Bluefield Daily Telegraph, Bluefield, WV

June 7, 2013

Grilled corn on the cob a real treat

By Dave Lobeck
CNHI

— I started our YouTube cooking channel almost six years ago, and the first video I shot was how to grill corn on the cob on a gas grill. We have now posted more than 130 instructional videos, and to this day, the corn on the cob video is the most popular. And then it dawned on me. I have never written an article about this topic, and the harvest of sweet corn is right around the corner, which makes the timing of this topic perfect.

This approach to preparing corn can be done on either a gas grill or a regular charcoal grill. In fact, it could probably be done in the oven, although I have never tried that.

First, buy the freshest sweet corn you can locate. Farmers markets are the best, although it's my understanding that the major supermarkets are pretty quick about getting produce from the field to the shelves. You will want to buy the corn with all of the leaves or the “husk” intact.

Peel back the leaves to the bottom of the ear of corn, but DO NOT pull the leaves off. They have to remain attached. (If you want to see the video I am referring to, go to www.YouTube.com/BBQMyWay. You will see a small image of a cartoon house. To the right of that is a magnifying glass. Click on that and in the box that appears, type in “corn on the cob.” ) If you have done this correctly you have the leaves peeled down and all of the corn and silk exposed.

This is where it gets a bit tedious. Remove all the silk. Do you remember the term “Indian Burn” from when you were a kid, where you grabbed your buddy’s forearm with both hands and twisted in opposite ways to create a burning sensation? I know, not a politically correct term today, but that's what it was called back then. This is the same technique I use to remove the silk from the ear of corn.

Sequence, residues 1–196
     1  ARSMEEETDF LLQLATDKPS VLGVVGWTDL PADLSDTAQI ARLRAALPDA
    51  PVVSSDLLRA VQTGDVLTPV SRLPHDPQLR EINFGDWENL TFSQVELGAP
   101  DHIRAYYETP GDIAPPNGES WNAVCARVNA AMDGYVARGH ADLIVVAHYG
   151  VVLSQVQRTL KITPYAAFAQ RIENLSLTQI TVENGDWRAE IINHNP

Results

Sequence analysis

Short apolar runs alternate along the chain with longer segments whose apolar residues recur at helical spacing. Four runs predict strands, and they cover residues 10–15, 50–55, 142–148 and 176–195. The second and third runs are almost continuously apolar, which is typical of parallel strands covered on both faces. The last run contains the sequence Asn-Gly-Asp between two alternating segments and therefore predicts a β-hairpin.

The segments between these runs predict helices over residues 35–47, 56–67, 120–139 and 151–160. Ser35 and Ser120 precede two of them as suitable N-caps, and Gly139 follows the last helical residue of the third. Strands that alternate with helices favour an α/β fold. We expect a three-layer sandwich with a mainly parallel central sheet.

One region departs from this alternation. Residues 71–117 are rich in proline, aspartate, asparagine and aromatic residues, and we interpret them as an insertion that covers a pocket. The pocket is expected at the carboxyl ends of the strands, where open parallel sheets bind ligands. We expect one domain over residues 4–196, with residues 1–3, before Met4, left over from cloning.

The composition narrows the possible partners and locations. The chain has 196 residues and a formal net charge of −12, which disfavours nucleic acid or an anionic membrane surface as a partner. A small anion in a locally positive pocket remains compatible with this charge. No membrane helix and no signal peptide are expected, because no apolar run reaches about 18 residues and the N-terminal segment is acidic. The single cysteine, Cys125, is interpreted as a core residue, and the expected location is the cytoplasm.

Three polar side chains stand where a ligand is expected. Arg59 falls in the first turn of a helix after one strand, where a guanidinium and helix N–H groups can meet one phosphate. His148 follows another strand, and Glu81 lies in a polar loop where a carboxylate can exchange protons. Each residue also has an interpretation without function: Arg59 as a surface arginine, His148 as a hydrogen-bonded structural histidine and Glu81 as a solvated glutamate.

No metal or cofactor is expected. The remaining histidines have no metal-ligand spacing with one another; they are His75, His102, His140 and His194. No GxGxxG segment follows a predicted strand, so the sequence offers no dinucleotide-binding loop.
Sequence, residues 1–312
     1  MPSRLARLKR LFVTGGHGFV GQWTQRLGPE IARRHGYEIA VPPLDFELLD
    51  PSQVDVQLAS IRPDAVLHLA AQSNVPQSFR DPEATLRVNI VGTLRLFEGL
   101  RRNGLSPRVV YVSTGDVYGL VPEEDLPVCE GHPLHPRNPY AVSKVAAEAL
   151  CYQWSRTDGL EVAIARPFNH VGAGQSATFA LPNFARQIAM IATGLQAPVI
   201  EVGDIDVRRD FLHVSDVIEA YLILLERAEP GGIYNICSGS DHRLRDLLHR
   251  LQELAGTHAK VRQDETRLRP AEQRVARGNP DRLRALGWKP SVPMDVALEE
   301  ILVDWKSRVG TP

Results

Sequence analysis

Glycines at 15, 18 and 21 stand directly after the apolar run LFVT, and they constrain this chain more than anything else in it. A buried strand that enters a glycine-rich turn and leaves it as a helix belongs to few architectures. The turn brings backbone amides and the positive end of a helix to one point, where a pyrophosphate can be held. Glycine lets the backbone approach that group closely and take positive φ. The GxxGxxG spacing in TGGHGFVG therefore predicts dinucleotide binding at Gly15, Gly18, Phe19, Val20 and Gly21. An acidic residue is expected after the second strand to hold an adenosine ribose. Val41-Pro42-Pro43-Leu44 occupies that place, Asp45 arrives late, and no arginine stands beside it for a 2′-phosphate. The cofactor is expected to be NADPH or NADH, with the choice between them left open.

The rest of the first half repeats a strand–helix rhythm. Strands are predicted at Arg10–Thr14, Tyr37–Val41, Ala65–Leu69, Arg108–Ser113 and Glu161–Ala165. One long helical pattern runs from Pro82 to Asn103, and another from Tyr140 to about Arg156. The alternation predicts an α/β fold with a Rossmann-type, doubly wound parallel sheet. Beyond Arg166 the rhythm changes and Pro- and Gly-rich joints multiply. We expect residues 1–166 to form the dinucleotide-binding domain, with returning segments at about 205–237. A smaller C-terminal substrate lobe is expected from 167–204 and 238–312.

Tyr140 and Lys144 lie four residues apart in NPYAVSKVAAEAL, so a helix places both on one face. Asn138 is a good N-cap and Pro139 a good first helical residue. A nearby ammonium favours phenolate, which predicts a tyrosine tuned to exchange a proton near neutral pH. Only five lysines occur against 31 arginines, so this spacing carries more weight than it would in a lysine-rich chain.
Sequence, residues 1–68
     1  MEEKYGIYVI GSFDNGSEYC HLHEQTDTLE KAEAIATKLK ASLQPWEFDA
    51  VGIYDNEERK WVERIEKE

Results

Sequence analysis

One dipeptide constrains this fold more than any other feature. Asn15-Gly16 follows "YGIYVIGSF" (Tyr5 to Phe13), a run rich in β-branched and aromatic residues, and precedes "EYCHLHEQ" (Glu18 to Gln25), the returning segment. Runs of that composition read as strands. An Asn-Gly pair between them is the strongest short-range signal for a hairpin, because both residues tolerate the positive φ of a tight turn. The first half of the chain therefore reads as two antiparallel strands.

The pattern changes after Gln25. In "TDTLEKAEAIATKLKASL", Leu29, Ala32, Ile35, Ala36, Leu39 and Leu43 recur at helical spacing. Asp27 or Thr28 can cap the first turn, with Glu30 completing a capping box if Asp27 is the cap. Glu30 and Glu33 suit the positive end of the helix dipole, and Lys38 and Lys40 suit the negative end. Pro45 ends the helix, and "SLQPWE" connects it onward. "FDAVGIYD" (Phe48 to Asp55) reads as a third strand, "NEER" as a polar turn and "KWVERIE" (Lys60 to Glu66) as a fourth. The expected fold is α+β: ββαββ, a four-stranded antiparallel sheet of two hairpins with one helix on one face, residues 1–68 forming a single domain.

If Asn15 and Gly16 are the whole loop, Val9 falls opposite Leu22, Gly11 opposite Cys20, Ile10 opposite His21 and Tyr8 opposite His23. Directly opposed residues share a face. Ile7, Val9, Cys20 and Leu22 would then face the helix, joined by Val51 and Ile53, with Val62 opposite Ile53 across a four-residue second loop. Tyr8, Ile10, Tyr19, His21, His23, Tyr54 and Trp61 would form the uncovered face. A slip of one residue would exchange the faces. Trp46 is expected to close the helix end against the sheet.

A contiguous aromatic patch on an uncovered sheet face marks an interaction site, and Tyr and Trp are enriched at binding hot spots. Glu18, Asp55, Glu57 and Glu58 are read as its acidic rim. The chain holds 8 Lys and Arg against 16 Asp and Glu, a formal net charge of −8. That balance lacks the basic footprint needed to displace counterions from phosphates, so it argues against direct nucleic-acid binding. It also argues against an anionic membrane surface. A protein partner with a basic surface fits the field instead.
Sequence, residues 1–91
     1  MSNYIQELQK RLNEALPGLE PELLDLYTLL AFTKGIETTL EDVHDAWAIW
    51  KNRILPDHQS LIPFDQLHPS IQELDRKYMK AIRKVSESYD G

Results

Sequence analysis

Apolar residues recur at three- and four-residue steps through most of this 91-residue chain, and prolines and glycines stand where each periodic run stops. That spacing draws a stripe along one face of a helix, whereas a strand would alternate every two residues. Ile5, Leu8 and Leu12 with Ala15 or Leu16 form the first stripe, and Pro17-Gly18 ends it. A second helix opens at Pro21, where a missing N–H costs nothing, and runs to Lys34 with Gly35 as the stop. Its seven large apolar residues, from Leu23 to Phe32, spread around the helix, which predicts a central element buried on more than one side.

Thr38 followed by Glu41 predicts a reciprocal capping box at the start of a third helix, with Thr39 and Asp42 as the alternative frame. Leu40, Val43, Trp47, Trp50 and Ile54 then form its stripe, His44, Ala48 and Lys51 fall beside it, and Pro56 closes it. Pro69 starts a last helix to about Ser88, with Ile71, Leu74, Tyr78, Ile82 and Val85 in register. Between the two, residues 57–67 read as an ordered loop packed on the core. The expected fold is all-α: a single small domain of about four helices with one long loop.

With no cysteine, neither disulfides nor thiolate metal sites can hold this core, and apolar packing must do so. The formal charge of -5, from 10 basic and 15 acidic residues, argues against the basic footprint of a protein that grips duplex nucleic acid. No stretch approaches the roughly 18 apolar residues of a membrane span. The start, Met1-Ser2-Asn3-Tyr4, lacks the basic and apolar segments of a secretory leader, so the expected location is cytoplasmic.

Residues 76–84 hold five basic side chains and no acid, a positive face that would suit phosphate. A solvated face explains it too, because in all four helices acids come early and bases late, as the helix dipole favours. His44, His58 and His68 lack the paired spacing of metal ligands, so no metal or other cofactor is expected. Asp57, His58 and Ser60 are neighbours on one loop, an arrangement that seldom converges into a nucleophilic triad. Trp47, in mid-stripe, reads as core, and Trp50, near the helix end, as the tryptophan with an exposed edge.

Now, fold the leaves back up and around corn, trying to make it look like it's in its original state. Fill a sink with water and place the corn in the water. This is very important. Allow the corn to soak in the water for a minimum of 30 minutes.

Start your grill. If gas, medium to medium-high is fine. Once the corn has soaked long enough, place directly on the grill. The point of soaking the leaves is two-fold. The first is to slow down the drying process of the husk while it is cooking, which will minimize or delay the flare ups. The second is the steaming of the corn, and here's the really neat part. Even if you cook these on gas, you will still notice a smoky flavor, which will come from the husks themselves.

Each grill is a little different, but plan on grilling the corn for at least 30 minutes. I usually count on 45 minutes. Turn the corn every five to seven minutes or so and try to keep the lid closed as much as possible, which speeds up the cooking process. Towards the end you will  have a few leaves flame up.

No biggie. Makes you look cool like you are really grilling something.

When done, the corn will still have some crunch to it and some of the kernels will be a little brown.

Serve on a platter with the husks still intact. I like to include Cajun butter, which is real unsalted butter that has been melted and then Cajun seasoning mixed it. It will harden again when at room temperature, but will be very easy to spread on the hot corn.

This is one of those side dishes you absolutely have to try this summer. Let me know how it turns out.

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Dave Lobeck is a barbecue chef from Sellersburg, Ind., who writes a column for CNHI News Service. Visit his website at www.BBQ-My-Way.com